How did people keep meat fresh before refrigeration?
Other than refrigeration, many preservation techniques like salting, drying, smoking, pickling, and fermenting have been used for a very long time.
How did they keep meat cold in the old days?
By the end of the 1800s, many American households stored their perishable food in an insulated icebox, which was typically made of wood and lined with tin or zinc, and continued to do so into the 1930s. This image from the 1920s is courtesy of the Sloane Collection.
How did people preserve food before refrigeration?
Natural sources like streams and caves were also a great cooling option, with the deeper the cave in the earth, the cooler the air would be. As times changed, however, and hunting for food became less common, people had to start finding ways to keep food fresh.
How did hunter gatherers preserve meat?
Fermenting, or letting food rot, would have been a typical method for hunter-gatherers to preserve food. It involved burying the fish or meat in the ground and waiting. Fermentation has the same result as cooking while also preserving the food.
People have been preserving and storing their food for centuries, especially milk and butter, in cellars, outdoor window boxes, or even underwater in nearby lakes, streams, or wells. Alternatively, they may have kept food in a springhouse, where cool stream water trickled between or under pans and crocks that were stored on shelves.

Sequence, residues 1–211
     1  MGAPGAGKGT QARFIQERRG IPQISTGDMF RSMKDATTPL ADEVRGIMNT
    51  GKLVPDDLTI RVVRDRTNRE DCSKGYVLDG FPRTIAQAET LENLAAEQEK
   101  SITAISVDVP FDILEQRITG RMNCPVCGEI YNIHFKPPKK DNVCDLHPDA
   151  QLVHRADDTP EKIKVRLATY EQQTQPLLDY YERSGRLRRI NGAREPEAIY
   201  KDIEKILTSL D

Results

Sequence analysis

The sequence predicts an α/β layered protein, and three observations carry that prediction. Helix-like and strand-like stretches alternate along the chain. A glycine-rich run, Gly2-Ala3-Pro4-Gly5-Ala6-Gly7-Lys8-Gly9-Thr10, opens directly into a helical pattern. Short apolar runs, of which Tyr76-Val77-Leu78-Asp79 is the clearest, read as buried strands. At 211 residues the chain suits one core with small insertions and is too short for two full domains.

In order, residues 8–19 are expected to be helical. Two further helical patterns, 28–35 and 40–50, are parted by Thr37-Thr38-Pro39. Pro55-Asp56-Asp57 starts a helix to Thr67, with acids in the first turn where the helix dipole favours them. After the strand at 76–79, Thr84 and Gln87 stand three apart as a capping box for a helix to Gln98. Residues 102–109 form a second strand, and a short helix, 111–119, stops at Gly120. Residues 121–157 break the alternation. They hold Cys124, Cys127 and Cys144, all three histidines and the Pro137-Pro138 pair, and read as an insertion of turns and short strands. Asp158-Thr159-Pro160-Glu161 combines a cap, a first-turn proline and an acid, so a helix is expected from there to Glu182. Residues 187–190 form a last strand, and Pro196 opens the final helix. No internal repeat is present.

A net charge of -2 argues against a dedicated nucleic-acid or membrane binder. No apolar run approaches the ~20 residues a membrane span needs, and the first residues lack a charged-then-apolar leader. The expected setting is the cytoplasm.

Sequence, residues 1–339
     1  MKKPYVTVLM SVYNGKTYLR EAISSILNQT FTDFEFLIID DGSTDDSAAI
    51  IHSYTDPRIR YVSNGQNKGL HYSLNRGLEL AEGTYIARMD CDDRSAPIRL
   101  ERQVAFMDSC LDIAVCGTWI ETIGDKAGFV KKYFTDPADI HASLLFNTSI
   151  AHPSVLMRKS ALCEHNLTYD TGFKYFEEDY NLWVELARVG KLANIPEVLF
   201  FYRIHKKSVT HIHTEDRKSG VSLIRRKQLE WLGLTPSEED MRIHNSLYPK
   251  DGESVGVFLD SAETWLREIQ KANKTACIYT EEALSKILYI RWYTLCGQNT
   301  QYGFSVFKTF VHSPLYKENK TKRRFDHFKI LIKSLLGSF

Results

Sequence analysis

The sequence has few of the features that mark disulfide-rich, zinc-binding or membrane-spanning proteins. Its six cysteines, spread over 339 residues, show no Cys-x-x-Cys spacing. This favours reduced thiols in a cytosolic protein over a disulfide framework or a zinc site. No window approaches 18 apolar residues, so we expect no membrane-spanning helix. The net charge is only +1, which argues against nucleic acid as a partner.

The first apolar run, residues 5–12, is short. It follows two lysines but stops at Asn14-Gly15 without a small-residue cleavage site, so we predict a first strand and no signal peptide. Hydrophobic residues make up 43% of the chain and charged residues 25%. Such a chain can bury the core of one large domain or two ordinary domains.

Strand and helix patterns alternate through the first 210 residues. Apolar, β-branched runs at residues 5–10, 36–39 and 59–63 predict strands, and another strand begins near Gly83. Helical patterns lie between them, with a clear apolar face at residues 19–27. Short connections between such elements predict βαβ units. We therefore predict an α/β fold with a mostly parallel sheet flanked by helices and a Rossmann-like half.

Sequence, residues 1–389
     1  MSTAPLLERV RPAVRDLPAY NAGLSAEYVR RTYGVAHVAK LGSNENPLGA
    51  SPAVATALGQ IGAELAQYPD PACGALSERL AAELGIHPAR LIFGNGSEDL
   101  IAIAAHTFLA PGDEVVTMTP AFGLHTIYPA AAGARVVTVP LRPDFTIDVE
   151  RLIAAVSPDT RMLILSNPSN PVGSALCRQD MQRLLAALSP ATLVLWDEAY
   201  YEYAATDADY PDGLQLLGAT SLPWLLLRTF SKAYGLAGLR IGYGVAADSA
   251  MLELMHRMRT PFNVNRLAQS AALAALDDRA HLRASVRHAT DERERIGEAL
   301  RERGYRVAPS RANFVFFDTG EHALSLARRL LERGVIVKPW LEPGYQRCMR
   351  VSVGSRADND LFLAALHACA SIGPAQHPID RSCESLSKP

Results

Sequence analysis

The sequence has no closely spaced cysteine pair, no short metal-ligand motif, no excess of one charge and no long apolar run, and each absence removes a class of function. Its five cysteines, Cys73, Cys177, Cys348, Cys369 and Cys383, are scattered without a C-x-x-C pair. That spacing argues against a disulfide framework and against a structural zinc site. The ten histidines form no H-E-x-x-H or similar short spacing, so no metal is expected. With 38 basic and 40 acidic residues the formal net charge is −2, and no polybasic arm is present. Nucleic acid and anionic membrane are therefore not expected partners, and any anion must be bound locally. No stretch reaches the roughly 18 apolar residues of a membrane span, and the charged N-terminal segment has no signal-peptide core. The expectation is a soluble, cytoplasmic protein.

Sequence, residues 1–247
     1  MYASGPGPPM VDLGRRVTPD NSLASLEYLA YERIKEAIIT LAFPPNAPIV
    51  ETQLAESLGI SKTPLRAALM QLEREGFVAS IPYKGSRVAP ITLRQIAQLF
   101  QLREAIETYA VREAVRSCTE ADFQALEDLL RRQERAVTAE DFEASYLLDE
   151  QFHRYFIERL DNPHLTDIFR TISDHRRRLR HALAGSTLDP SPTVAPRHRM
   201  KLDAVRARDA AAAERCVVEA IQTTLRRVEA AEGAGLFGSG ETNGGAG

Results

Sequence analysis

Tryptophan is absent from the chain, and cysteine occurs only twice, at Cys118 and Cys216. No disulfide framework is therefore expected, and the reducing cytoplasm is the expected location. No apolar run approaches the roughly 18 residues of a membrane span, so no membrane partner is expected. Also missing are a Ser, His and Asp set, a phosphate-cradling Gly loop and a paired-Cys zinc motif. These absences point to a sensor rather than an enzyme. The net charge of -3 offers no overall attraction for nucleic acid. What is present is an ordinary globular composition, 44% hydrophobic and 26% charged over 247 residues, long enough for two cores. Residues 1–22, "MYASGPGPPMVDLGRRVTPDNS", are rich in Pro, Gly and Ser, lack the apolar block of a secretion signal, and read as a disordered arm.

How did early humans preserve food?
In cold climates, they would freeze meat on the ice to preserve it; in hot climates, they would dry food in the sun to preserve it. These early methods of food preservation allowed ancient man to establish roots and form communities.
What did people do before fridges were invented?
At different times ice houses were built, frequently underground or as insulated buildings – these were used to store ice and snow sourced during the winter, to keep foods cold during the warmer months.
How did Native Americans keep meat from spoiling?
While salting was generally known as a good preservative option, salt was typically difficult to come by, so smoking was one of the most popular ways for Native Americans to keep their meat for longer. Smoking was one of the leading ways to preserve fish, bison, and other meats.
How did Indians preserve deer meat?
Traditional teepees and smoke shelters were used to create a low humidity smoky environment so the food could dry out. These were typically used to smoke entire animal hides as well as the meat. Native Americans used both indoor and outdoor smoking processes for their meat preservation.
How did Native Americans cook meat?
I have uncovered dozens of these ancient cooking utensils, and thousands of pieces of them, with the charred grease still sticking to them. Indians, who had clay kettles, used them to pot-roast their meats, the pot being heaped around with embers and covered with a flat stone.
Native Americans used to store rendered fat in their large intestines or bladders, but storage jars are more palatable. Rendered fat is a key ingredient in pemmican and will last for about a year if kept cool.
In some nations, ice was bought so that households could use an ice chest, which was made up of three insulated boxes (similar to a fridge cavity). Ice was put in the top box, food was put in the middle, and a tray was put in the bottom box to catch the water that would inevitably drip as the ice melted.
Ancient Egyptians had access to a variety of meat-preserving techniques, including drying, salting (dry and wet), smoking, combining any of these techniques, pemmicaning, and using fat, beer, or honey to cure meat.